Journal article

Effects of fibrin micromorphology on neurite growth from dorsal root ganglia cultured in three-dimensional fibrin gels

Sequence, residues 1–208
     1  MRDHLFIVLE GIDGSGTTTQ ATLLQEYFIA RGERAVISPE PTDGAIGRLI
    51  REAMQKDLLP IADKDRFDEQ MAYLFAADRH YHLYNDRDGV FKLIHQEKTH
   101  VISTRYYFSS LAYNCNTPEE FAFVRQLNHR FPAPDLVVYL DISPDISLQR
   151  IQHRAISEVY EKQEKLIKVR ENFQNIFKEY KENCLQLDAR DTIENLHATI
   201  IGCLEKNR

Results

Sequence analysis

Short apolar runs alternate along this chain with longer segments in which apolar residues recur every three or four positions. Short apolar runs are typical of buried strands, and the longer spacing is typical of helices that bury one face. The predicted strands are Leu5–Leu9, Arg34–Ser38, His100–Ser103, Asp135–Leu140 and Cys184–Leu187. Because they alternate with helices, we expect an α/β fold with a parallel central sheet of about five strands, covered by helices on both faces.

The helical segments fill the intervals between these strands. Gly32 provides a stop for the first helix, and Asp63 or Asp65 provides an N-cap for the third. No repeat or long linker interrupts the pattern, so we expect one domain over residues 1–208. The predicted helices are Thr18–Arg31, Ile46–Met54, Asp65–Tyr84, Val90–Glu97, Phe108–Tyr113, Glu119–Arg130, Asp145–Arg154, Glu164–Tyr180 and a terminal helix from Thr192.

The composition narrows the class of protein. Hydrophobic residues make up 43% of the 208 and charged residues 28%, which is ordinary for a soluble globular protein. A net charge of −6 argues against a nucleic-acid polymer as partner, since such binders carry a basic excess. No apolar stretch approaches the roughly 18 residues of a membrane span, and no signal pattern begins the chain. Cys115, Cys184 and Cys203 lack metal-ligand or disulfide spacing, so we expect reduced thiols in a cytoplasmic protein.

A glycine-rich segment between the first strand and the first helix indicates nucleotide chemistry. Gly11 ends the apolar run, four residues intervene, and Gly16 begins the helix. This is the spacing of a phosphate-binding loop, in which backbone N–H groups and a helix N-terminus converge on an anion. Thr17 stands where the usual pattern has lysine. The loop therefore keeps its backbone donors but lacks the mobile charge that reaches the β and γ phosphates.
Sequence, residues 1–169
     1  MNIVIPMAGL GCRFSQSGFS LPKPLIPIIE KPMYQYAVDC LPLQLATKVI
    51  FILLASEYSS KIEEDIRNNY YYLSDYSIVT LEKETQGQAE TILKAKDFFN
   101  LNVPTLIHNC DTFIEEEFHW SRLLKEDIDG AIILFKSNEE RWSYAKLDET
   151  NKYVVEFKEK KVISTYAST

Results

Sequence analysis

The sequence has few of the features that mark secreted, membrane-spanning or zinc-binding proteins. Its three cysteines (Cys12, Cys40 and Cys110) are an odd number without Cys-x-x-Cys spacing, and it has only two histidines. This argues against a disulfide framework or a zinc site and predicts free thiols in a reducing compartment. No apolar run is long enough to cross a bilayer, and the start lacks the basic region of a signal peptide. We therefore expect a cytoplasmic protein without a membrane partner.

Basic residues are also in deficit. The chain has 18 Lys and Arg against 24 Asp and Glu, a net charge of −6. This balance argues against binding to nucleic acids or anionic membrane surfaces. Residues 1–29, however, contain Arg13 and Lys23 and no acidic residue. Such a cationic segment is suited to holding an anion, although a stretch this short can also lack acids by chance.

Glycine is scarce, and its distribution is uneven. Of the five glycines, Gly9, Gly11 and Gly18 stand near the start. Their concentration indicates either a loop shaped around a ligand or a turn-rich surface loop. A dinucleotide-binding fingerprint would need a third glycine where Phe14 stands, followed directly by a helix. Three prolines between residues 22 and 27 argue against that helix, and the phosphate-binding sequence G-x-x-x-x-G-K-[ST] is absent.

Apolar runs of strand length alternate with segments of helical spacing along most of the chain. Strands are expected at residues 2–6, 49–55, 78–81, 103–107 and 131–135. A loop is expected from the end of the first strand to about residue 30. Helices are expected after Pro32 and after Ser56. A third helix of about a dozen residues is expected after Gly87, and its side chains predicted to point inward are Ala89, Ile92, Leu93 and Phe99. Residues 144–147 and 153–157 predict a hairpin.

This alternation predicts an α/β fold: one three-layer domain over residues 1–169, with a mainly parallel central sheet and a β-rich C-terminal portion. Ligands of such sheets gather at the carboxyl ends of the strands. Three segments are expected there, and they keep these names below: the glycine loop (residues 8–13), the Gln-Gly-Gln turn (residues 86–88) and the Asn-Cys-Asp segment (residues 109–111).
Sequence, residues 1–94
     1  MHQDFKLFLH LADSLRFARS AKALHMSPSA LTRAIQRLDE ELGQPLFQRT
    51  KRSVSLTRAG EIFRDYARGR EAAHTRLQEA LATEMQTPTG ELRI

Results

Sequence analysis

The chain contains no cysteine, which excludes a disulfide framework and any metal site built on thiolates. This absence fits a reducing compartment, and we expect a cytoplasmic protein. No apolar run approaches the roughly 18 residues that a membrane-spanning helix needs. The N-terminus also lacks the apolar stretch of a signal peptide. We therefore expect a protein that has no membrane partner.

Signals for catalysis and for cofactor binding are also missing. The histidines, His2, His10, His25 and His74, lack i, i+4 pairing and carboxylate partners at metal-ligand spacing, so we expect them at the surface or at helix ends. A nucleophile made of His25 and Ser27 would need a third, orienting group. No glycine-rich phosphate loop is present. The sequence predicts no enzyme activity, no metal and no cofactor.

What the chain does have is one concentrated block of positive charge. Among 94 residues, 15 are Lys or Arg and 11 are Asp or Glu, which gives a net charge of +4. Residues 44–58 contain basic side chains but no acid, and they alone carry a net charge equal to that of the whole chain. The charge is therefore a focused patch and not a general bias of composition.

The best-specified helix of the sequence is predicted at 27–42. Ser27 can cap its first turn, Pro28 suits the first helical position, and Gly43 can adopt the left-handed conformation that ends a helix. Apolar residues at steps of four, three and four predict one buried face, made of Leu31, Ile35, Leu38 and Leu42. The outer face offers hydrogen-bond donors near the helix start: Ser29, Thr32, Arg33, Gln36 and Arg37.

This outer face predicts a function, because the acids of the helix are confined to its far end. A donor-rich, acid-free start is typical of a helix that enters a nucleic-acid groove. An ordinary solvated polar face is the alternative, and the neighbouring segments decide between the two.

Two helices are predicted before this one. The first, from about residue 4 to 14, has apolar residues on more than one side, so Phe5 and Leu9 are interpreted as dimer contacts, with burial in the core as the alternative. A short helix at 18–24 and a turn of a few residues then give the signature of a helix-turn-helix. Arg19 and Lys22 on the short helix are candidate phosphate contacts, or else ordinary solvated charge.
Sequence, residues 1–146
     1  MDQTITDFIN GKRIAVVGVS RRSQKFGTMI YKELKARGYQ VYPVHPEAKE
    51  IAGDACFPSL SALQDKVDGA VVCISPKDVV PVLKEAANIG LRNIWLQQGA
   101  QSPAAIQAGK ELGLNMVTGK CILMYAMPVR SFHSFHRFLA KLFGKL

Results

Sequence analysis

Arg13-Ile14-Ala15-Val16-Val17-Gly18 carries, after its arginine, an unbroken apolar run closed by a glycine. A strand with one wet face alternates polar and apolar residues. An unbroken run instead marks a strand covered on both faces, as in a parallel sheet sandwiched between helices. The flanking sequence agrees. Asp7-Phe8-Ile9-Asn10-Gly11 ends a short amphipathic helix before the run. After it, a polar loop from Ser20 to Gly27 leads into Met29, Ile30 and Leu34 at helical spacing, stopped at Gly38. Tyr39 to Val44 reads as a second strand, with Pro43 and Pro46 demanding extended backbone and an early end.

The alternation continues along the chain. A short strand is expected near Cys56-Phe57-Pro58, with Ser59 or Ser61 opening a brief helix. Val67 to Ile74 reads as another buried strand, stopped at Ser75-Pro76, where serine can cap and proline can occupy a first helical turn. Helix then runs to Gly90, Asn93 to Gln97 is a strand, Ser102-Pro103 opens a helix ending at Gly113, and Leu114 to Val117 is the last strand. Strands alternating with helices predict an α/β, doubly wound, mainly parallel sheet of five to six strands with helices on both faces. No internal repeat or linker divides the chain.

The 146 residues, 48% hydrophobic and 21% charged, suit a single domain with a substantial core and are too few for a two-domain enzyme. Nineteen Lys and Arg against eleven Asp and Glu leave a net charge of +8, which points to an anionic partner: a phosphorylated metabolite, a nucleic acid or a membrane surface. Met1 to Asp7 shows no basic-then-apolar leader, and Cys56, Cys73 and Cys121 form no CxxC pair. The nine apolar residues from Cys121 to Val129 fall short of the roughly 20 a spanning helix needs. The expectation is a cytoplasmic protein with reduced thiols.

The effect of fibrin matrix micromorphology on neurite growth was investigated by measuring the length of neurites growing in three-dimensional fibrin gels with well characterized micromorphologies. Dorsal root ganglia (DRGs) from 7-day chick embryos were entrapped and cultured in gels made from varying concentrations of fibrinogen (5-15 mg/mL) or calcium (2-10 mM). The length of growing neurites was measured with light videomicroscopy, and the number and diameter of fibrin fiber bundles were measured from scanning electron micrographs. An increase in fibrinogen concentration caused a decrease in the average fiber bundle thickness, an increase in the number of fiber bundles, and a marked decrease in neurite length. Gels made with different calcium concentrations had a similar range of variation in fibrin fiber bundle number or diameter, but these variations had little effect on neurite and associated nonneuronal cell outgrowth. These results provide insights into the process of neurite advance within fibrin and may be useful in the design of fibrin-based materials used for peripheral nerve regeneration. Furthermore, this study provides the first detailed experimental data on the micromorphology of fibrin matrices made from more than 5 mg/mL of fibrinogen and indicates that existing kinetic models of fibrin polymerization do not accurately predict fibrin structure at these higher concentrations. [on SciFinder (R)]


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